I went to the living room and waited for the phone to ring.
At seven in the morning, it rang….
Sherif was dead.
To my surprise, I wasn’t shocked. It felt like Sherif had died hours before I got the news. I didn’t even pay attention to how he died. Was it a car accident? A hit and run? I did not know; but Sherif was dead, and my father wasn’t even around to go retrieve his body…
I couldn’t believe Sherif had become a random cadaver on the side of a road somewhere.
As I put down the phone, I heard a sound coming from afar, as though from another dimension…. It was the doorbell….
It must be my father, I thought…. How was I going to tell him that his son was gone? Would he even care? Would he be sober enough to remember it the next morning?
I went to answer the door but no one was there. I thought maybe my father was so drunk that he had fallen down the stairs; so I stepped outside and looked for him. Instead of finding him, I found a black envelope with my name written in white letters on it, lying on our doorstep. I picked it up and went inside, still trying to wrap my head around everything that had happened.
I kept staring at the phone… Maybe if I stared at it enough, it would disappear…
This conversation might have never taken place, and my brother might still be alive!
Once I was back to Earth, I tore the envelope and pulled out a piece of paper with a poem on it:
Pain is a cello player….. Pulling the strings of my heart
Until I can only see……The black and white
Of the piano keys; Until I can only hear
The beating of a drum….. Banging in my mind
Playing a broken rhythm…… That I dare not hum.
I can feel the pain creeping in…. Like a breath travelling through a flute
That comes out intoxicated…. With the saddest tunes.
I am as lonely
As the melodic line…. Of a monophonic melody.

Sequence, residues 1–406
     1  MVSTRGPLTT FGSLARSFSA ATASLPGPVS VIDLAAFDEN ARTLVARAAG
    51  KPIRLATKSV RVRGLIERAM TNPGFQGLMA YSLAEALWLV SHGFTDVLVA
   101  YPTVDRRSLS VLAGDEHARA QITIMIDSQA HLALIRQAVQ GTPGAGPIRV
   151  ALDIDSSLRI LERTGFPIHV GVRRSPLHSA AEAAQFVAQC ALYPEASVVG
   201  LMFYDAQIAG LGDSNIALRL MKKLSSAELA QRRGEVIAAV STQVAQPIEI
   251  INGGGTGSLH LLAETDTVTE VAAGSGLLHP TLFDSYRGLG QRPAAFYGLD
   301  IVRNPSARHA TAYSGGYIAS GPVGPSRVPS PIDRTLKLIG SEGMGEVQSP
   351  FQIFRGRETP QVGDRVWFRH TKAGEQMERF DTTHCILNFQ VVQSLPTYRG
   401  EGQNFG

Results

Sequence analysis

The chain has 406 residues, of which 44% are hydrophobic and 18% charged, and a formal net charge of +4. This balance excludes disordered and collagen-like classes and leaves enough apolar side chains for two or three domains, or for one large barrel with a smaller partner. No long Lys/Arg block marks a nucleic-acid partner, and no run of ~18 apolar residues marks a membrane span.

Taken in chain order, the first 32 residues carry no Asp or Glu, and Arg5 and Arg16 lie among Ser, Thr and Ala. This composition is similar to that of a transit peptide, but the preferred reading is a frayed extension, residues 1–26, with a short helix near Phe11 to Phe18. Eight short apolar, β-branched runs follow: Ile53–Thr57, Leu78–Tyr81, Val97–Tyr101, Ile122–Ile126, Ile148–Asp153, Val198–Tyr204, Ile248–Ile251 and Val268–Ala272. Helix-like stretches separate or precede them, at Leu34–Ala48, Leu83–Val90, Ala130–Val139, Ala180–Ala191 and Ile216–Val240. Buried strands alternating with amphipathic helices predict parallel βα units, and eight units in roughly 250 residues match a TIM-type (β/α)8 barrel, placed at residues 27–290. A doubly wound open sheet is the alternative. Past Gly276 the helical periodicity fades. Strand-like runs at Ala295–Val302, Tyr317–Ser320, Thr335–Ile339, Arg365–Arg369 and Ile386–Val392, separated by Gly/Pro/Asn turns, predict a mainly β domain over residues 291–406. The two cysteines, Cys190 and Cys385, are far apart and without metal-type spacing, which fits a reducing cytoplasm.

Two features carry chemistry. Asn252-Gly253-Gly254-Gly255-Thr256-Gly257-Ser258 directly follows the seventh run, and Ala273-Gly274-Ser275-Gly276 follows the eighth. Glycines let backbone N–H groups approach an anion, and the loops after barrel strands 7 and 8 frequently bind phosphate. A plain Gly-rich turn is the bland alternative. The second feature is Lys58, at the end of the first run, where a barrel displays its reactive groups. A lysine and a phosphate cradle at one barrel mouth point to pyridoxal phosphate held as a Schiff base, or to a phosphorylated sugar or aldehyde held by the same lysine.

Alone, I carry the heavy notes…. Which are not mine
In a chant somber yet heavenly…. Without you, The days and I
Are in dissonant harmony; For the timbre of your voice
Is the only melody that I need…. In this graveyard of fallen notes,
Come and sing life into me….. Let me, once more, hear
The prelude to our symphony….. Come and sing to me of the moon,
The moon which we split in two…. Sprinkling white dust across the sky
One half for me, the other for you…. And we shared the stars in between
In a universe of you and I….. Come and sing me to sleep
If you can still recall….. The words of our lullaby;
Hush….. I hear the finale begin
As I succumb to the tears…. Of a weeping violin.
Your absence sings a deafening silence, A silence I cannot bear.
But your music still fills the air; I can hear it from afar
In the notes you’ve left behind….. And I know you’re here somewhere,
Because love is not deaf….. Though it may be blind.
The author and sender were anonymous…. Perhaps it was a poem by a famous author I was unaware of, I thought. I typed a few verses of the poem online through my phone…
I found nothing….
Was it an original poem inspired by my misery?! I related so much to the poem that I thought it must be written specifically about me…. About my lost brother.…
It was my life stolen in verse….